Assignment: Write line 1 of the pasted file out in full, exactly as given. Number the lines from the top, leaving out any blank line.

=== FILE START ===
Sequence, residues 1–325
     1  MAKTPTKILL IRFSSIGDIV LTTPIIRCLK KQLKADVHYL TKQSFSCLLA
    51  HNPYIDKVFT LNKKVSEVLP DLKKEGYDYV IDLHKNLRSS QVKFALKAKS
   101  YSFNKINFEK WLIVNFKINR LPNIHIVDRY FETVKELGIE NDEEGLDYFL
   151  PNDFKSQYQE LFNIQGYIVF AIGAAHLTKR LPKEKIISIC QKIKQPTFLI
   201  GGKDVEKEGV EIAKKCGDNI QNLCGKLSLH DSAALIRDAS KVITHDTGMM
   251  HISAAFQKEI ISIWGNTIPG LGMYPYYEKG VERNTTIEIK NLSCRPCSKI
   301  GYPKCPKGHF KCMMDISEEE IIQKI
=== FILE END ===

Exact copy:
Sequence, residues 1–325